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When is Child Abuse Not a Crime?

You may be surprised to know that many cases of suspected child abuse are never prosecuted and maybe never even investigated by the police. A child welfare agency will often investigate abuse allegations and make a report, with minimal or no assistance from the police. If the agency suspects abuse, an “indicated” report gets filed with a central, statewide repository known as “ChildLine”. If you have ever been a teacher, a scout leader or someone who works or volunteers in a job where there is contact with children, you have likely received a ChildLine “clearance”-an indication that you are not the subject of an indicated abuse report.

However, if you have been the subject of an abuse investigation by a child welfare agency and the investigation culminated in an “indicated” report, you will find that having your name on the ChildLine registry as a “perpetrator” can have far-reaching implications on your career, on your standing in the community and even on your role as a parent.

The Lancaster County Children & Youth Agency investigates allegations of physical and sexual abuse as well as neglect. Parents, step-parents, boyfriends and girlfriends, siblings and anyone in a care-giving role can be the subject of an abuse investigation. As the subject of an agency investigation, an accused is not entitled to Miranda warnings or other safeguards that typically attach to defendants in criminal prosecutions. Legal representation from the earliest notice that an investigation is underway will help protect your rights and your ability to respond to abuse allegations.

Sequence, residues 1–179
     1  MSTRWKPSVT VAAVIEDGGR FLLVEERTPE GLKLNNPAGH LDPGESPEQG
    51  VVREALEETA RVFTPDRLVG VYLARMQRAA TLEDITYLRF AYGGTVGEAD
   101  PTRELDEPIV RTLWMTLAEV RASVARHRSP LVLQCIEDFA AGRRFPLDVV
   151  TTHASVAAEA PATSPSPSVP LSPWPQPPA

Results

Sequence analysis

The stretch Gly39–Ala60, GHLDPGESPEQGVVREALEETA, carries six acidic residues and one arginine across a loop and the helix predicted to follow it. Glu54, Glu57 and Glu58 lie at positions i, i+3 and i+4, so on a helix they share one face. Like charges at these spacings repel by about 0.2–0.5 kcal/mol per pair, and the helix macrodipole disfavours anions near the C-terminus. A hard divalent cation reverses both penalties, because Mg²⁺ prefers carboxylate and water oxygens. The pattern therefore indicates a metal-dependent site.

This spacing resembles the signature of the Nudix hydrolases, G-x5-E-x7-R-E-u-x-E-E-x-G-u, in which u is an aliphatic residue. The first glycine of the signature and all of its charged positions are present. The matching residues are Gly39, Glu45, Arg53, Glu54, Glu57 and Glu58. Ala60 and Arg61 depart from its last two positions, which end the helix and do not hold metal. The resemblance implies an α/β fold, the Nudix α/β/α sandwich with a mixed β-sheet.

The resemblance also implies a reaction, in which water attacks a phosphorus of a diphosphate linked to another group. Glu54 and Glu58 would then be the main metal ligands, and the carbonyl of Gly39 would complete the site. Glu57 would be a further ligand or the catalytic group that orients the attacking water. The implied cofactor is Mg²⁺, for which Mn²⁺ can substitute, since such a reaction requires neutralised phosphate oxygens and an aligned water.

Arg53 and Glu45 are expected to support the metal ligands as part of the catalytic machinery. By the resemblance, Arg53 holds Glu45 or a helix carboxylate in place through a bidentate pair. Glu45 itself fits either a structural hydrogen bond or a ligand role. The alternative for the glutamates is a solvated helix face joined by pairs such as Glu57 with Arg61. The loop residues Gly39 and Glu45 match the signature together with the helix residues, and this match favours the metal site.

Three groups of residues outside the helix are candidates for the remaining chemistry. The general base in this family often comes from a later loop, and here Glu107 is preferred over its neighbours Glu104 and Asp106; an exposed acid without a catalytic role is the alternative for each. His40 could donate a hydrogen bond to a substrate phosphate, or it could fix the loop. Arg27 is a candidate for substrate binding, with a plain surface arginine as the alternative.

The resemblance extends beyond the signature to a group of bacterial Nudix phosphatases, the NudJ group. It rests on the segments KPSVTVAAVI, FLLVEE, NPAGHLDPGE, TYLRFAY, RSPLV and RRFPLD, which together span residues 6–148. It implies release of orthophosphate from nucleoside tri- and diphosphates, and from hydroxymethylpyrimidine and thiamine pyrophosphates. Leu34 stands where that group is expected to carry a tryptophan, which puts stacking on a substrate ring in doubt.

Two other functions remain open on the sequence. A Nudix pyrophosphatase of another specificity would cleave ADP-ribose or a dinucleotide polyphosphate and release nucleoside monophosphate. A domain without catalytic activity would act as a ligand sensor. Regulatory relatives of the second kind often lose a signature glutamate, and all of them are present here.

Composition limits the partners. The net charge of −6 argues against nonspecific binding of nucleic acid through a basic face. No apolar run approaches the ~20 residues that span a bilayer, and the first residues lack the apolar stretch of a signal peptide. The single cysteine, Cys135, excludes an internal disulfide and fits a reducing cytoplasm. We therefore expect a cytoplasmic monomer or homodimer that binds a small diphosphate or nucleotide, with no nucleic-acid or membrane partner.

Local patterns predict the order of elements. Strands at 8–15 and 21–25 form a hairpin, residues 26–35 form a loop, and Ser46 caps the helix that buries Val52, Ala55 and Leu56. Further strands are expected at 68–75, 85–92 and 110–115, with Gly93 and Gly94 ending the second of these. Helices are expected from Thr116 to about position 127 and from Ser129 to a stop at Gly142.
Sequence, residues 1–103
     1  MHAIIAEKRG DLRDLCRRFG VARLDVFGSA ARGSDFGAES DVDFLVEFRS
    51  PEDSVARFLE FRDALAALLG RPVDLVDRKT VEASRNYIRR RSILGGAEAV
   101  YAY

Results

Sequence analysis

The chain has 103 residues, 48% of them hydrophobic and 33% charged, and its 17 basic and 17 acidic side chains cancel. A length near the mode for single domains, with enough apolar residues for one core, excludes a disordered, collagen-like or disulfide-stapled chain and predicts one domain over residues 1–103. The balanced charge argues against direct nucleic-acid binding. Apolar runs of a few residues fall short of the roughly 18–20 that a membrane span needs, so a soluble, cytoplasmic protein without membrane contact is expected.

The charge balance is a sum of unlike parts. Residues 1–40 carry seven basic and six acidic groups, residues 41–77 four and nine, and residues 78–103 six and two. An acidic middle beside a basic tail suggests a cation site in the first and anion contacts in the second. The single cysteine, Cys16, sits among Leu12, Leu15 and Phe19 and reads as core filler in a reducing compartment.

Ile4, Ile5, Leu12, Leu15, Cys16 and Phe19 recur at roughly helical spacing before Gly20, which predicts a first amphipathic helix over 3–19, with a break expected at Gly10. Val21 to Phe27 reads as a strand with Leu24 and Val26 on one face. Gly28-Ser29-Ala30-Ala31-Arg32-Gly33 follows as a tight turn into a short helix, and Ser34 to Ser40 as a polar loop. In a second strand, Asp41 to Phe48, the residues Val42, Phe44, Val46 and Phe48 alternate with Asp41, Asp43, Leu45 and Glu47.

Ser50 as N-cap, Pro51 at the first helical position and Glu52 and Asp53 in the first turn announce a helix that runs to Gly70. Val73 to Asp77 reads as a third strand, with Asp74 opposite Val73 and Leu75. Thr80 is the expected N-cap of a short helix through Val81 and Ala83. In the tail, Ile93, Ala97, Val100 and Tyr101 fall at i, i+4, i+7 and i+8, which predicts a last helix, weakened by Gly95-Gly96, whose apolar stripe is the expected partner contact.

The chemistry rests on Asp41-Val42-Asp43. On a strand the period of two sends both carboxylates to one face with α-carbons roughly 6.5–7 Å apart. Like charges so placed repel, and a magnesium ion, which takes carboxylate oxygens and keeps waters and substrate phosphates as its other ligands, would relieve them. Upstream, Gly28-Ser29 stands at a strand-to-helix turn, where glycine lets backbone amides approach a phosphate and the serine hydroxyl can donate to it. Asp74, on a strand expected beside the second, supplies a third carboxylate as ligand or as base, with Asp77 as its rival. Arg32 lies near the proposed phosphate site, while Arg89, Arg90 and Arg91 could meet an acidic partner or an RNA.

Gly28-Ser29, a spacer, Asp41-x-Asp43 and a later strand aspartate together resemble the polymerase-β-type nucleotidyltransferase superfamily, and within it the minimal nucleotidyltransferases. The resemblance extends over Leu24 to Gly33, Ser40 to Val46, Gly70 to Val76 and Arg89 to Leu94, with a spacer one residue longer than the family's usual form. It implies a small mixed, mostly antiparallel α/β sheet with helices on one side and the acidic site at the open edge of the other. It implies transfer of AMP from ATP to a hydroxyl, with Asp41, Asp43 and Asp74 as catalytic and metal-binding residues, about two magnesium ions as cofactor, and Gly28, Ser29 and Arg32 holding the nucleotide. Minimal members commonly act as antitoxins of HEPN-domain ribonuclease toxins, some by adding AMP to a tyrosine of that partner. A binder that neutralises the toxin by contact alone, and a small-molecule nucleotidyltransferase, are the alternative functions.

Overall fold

Although an Agency investigation may result in criminal charges, many do not. Often the “indicated” report concludes the investigation and the Agency’s file is closed. But the ChildLine record of the abuse report continues to be available to employers and other entities long after the file is closed. Persons who are the subject of an indicated abuse report can appeal to the Department of Public Welfare to “expunge” or clear their ChildLine record and are entitled to a hearing. In some cases, a further appeal to the Commonwealth Court is necessary. The procedures require that you respond within certain time constraints and can be confusing. Do not hesitate to seek legal guidance whenever you are dealing with allegations of child abuse.